Spanish court hears Rabat case over reporter’s spyware claim


Morocco on Friday demanded a court in Madrid rule it had nothing to do with the possible installation of Pegasus spyware on a Spanish journalist’s phone, which Rabat blames.

The call came as the court heard Rabat’s case against Ignacio Cembrero, an expert on relations between Spain and Morocco who works for the news website El Confidencial.

“It is not possible to confirm that the Kingdom of Morocco has any responsibility,” Sergio Berenguer, one of Rabat’s lawyers, told the court in this spyware affair.

Asked if he would retract his claim that Morocco was responsible for tapping his phone with the spyware, Cerebrometer refused to back down.

“I confirm everything I have said,” he told the court, which will make a decision in the coming weeks.

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The dispute dates back to July 2021, when a joint investigation by several Western media outlets revealed that more than 50,000 people around the world – including activists, journalists, executives and politicians – had been spied on using the software developed by the Israeli NSO company. .

The spyware infiltrates mobile phones to extract data or activate a camera or microphone to spy on their owners.

The list included the phone numbers of at least 180 journalists in 20 countries who had been flagged as targets for surveillance by NSO clients.

Morocco was singled out as one of the countries that bought the program and whose intelligence services used the spyware against journalists – a claim that Rabat denied.

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– ‘An act of boasting’ –

The list was first leaked to Amnesty International and the French NGO Forbidden Stories, who confirmed that Cembrero’s number was on the list.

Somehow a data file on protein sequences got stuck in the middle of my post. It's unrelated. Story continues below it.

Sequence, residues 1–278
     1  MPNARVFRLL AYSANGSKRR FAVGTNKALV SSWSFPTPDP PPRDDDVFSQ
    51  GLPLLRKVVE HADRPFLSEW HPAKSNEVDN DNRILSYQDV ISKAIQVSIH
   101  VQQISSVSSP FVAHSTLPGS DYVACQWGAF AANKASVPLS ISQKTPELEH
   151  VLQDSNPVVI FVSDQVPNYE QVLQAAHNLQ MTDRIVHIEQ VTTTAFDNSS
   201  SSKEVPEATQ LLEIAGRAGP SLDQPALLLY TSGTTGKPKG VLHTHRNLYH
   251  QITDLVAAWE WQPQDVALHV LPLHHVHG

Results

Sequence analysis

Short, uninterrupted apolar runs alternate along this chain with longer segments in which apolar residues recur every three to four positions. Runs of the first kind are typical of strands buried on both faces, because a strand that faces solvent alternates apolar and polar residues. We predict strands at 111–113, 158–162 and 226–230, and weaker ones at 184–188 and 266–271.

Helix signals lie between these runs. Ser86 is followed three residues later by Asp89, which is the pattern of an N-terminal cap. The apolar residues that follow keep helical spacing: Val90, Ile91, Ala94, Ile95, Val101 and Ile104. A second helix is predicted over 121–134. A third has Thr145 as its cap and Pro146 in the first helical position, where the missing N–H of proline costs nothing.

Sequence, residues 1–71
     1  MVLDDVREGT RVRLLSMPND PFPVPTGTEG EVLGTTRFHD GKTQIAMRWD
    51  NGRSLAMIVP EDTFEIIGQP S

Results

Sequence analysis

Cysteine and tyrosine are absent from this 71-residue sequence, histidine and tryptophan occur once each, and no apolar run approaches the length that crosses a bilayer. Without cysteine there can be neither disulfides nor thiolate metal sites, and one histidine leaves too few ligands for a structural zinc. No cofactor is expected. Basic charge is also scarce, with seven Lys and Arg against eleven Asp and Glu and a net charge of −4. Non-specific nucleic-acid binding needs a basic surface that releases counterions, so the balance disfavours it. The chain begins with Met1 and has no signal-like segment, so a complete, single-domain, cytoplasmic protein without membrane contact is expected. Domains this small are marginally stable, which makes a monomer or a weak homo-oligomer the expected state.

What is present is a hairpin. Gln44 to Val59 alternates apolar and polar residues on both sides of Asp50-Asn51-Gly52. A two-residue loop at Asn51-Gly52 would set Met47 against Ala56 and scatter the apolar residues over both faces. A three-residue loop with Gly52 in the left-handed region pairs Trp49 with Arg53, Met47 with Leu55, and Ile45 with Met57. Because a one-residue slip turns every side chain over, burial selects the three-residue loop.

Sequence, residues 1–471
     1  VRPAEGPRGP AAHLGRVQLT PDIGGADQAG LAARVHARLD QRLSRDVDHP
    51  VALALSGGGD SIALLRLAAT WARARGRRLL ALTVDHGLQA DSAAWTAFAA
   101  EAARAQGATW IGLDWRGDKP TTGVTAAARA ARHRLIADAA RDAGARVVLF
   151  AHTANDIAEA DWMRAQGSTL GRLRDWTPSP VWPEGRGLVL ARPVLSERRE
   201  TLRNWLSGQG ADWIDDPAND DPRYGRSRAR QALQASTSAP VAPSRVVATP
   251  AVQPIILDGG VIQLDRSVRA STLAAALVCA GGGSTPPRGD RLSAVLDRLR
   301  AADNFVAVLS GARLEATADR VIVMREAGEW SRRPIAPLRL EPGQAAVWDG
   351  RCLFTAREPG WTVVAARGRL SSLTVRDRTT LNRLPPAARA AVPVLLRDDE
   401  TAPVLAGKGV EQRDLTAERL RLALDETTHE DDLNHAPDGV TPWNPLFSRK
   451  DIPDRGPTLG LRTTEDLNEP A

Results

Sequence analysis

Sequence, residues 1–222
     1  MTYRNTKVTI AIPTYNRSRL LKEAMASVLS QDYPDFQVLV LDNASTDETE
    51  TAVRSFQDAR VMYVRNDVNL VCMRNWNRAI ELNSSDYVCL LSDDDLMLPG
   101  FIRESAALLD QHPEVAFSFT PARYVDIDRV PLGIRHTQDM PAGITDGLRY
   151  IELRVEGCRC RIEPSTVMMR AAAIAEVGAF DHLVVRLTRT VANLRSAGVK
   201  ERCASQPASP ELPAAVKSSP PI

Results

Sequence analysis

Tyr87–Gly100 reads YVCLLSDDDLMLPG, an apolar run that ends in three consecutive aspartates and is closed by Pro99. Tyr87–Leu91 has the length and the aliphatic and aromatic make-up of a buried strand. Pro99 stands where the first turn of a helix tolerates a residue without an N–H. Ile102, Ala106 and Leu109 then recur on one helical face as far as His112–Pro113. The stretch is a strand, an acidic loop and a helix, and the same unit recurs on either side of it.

Shortly before the investigation, Cembrero became convinced that his phone had been tapped after private WhatsApp messages he had exchanged with Spanish officials were published by a news outlet very close to the Moroccan authorities.

Since then, Cembrero has repeatedly claimed in various articles, interviews and even before the European Parliament that Morocco was behind the wiretapping, while admitting that he had no formal evidence.

Rabat quickly filed a lawsuit, demanding that he withdraw his allegations and pay Morocco’s legal fees.

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Morocco has previously taken similar steps in France over claims it used Pegasus software to spy on politicians, including President Emmanuel Macron, and journalists.

The French courts ruled the lawsuits inadmissible.

In Spain, lawyers for the kingdom have resorted to using an archaic legal provision dating back to the Middle Ages, accusing Cembrero of “an act of boasting” — in this case, boasting about something without evidence.

“I have come to the conclusion… that only a foreign power, in this case Morocco, could have hacked my phone,” Cembrero told the court, which said he had been subjected to “harassment” by Rabat.

This was the fourth time since 2014 that he had been charged by the kingdom, he added.